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Well known for his histories of Norman Sicily, Venice, the Byzantine Empire and the Mediterranean, John Julius Norwich has now turned his attention to the oldest continuing institution in the world, tracing the papal line down the centuries from St Peter himself – traditionally (though by no means historically) the first pope – to the present Benedict XVI. Of the 280-odd holders of the supreme office, some have unquestionably been saints; others have wallowed in unspeakable iniquity. One was said to have been a woman – and an English woman at that – her sex being revealed only when she improvidently gave birth to a baby during a papal procession. Pope Joan never existed (though the Church long believed she did) but many genuine pontiffs were almost as colourful: Formosus, for example, whose murdered corpse was exhumed, clothed in pontifical vestments, propped up on a throne and subjected to trial; or John XII of whom Gibbon wrote: 'his rapes of virgins and widows deterred female pilgrims from visiting the shrine of St Peter lest, in the devout act, they should be violated by his successor.’
Others earned respect, including Leo the Great who protected Rome from the Huns and the Goths, and Gregory the Great who struggled manfully with the emperor for supremacy. After calamitous crusades, and 70-year exile in Avignon, came the larger-than-life pontiffs of the Renassiance – the Borgias and the Medicis ('God has given us the papacy; let us now enjoy it'). Pius VII had to contend with Napoleon, Pius IX to steer the papacy through the storm of the Risorgimento. John Julius Norwich brings the story up-to-date with lively investigations into the anti-semitism of Pius XII, the possible murder of John Paul I and the phenomenon of the Polish John Paul II. From here the glories of the Byznatium to the decay of Rome, from the Albigensian Heresy to sexual misbehaviour within the Church today, the pace never slackens. John Julius Norwich, an agnostic with no religious axe to grind, has a thrilling and important tale to tell – and in this rich, authoritative book he does it full justice.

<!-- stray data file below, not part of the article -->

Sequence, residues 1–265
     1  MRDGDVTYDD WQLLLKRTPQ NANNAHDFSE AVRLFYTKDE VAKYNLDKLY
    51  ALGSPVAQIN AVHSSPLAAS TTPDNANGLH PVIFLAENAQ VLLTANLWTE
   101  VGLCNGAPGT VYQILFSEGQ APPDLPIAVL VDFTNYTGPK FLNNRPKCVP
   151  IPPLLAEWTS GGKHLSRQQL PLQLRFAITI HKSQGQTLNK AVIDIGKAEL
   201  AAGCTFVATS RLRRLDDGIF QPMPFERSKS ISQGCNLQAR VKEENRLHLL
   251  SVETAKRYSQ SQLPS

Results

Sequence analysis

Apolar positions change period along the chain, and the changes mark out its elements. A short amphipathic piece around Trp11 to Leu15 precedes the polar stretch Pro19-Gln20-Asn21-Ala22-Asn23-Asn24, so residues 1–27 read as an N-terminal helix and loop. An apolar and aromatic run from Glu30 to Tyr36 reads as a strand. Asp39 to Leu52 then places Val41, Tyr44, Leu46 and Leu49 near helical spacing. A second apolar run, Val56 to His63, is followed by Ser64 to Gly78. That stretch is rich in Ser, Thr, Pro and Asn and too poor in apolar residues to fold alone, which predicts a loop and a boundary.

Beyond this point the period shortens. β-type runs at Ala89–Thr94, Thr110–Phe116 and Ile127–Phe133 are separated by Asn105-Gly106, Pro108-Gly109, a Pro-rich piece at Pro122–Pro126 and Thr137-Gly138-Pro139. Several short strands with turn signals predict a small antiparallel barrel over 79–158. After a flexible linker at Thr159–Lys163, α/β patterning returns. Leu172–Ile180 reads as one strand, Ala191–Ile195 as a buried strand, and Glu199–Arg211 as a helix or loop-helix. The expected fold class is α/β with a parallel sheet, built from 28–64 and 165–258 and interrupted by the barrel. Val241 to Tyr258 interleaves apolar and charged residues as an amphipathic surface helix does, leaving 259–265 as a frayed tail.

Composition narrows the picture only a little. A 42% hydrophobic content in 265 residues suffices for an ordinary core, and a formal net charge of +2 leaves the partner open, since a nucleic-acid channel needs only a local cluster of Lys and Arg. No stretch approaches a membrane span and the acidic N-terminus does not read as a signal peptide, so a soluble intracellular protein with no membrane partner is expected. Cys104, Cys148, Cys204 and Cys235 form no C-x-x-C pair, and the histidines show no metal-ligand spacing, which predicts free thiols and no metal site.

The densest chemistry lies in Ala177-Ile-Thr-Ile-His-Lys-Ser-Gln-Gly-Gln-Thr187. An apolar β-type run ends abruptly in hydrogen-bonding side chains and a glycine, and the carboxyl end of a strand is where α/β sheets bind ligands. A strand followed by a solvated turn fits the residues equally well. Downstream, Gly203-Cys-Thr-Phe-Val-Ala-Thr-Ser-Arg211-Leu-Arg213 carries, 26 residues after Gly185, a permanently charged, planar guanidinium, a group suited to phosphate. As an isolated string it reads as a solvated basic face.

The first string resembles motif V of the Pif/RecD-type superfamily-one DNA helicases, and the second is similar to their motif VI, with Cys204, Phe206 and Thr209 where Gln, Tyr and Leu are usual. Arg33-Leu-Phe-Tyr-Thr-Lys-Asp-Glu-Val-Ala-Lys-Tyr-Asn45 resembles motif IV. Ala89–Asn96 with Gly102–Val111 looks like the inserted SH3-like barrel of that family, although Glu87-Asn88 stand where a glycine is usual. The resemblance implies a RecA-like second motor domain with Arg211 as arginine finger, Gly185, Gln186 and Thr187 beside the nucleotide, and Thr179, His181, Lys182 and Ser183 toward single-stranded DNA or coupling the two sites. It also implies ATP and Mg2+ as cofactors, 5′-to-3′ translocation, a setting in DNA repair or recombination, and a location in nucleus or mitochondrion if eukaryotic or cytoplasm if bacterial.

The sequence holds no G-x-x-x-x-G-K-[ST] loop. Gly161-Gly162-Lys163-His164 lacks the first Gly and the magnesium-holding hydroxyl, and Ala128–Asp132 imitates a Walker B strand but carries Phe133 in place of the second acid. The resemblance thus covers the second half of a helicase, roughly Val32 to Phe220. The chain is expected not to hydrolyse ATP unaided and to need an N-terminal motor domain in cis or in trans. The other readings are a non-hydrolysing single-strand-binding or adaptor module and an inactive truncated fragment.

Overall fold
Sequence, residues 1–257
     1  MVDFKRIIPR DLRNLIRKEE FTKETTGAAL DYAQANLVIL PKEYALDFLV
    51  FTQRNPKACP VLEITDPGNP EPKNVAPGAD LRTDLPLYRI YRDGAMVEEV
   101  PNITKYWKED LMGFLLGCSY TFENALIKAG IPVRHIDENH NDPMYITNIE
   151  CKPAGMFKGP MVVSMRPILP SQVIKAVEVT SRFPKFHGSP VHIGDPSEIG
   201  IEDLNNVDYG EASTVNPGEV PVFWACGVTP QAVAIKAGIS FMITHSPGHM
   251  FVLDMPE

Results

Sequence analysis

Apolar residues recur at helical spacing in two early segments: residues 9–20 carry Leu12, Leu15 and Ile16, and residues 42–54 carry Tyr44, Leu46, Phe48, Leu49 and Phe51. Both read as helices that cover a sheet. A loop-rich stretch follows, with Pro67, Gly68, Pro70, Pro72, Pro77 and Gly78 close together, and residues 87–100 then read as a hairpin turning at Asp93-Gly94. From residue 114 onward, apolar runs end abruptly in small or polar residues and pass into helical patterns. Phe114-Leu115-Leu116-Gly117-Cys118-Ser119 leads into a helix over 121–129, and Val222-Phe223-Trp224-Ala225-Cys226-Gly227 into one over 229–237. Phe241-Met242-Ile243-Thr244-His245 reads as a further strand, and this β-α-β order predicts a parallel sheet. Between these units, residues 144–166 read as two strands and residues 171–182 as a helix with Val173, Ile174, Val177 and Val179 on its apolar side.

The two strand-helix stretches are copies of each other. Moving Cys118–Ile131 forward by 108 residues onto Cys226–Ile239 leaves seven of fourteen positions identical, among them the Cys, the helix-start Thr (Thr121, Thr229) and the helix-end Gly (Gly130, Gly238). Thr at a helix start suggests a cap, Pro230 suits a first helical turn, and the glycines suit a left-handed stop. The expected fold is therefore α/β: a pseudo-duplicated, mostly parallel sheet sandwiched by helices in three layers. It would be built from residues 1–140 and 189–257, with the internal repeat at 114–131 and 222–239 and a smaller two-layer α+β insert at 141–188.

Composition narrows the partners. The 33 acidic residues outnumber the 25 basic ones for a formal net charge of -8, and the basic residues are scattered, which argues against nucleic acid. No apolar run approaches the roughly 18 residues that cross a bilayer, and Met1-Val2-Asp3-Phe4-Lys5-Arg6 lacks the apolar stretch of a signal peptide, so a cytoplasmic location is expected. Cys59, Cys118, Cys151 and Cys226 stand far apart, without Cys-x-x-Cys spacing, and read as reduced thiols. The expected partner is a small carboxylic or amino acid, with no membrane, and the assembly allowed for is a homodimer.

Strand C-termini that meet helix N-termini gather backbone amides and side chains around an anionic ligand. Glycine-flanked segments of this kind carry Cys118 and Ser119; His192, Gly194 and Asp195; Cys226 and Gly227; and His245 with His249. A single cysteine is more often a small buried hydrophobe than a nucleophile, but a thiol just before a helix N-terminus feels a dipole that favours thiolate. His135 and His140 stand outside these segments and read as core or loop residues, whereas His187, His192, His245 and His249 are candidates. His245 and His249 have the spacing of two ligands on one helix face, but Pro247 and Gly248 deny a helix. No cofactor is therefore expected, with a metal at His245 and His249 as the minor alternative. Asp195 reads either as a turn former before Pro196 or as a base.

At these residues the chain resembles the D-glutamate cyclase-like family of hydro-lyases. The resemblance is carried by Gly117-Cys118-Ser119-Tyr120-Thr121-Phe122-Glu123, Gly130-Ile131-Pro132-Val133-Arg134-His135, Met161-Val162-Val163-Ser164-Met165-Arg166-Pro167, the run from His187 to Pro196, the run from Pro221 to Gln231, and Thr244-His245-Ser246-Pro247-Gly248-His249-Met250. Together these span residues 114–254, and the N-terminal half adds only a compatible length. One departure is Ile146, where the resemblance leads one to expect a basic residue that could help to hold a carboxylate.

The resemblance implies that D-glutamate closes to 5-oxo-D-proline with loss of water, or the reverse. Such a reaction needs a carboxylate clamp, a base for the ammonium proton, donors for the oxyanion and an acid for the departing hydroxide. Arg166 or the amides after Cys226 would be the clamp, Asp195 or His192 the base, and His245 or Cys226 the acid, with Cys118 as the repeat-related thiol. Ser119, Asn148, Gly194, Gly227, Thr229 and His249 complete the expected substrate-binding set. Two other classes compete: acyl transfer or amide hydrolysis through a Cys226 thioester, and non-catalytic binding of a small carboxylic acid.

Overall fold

Ce que les auditeurs disent de The Popes
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Much of this book was interesting and would serve as a good introduction, though, as I have studied the Popes at some length, I am not really this books stated audience. Norwich didn't appear to desire to emphasis some of the more ridiculous aspects of the Medieval Popes (Popes and anti-Popes, Kings and anti-Kings, let me show you them), which, if I'm honest, are some of my favourite parts of Papal history. The ridiculousness of the medieval Church is rather fun for obvious reasons and also as, ironically, it is the point at which the Papacy begins to establish itself as a temporal power.
I disagreed with some of his conclusions with regards to the Renaissance Popes however. For better and more specific information on the Borgias for instance, try Christopher Hibberts book and the biographies of Lucrezia and Cesare by Sarah Bradford. Hibbert also has a decent book on the Medici, which I would recommend over Paul Stratherns which is, in my opinion, a bit homophobic. The Medici family had a number of gay men, including Leo X, so this is significant.
However, it was a good overall summary of Papal history, but one should always read (or listen) with an open and critical mind.
The performance of Michael Jayston was very, very good and kept the attention very well. I will certainly go through and look for more of his work.
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- Neil Chisholm
A fascinating history for all history lovers
Would you recommend this audiobook to a friend? If so, why?
Yes. It puts into context many historical events
What about Michael Jayston’s performance did you like?
Michael Jayston read clearly and with liveliness but always maintaining a certain learnedness appropriate for the nature of the book
Any additional comments?
This history puts into context many historical events although by its very nature covering such a huge amount of time it glosses over many things. It is however a great read for catholics and non-catholics alike.
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- Pastor E.G. Graham
Well written and excellently narrated.
This was excellently written and even better read. The narrator was excellent, his enunciation was the best I've heard in my listening to audio books, his pronunciation of Latin, French and even English was fantastic. The story itself was gripping and fascinating and hard tp pause or put down. It was not just the intrigue, corruption, the scandals, incest, swxuality, cover-ups, murder and absurdity of the popes, but also the history and stories behind the history of the popes. It was interesting to know who was pope at particular time throughout history, their reasons for wanting to become pope and head of the catholic church. One things for sure is that the papacy has been one of, if not the most enduring institutions in the church and of theisy dividing, corrupt and nepotistic. If I was a catholic, after listening to this, I'd have to have a serious rethink. All in all, it was a fantastic book and well worth it. I recommend this book.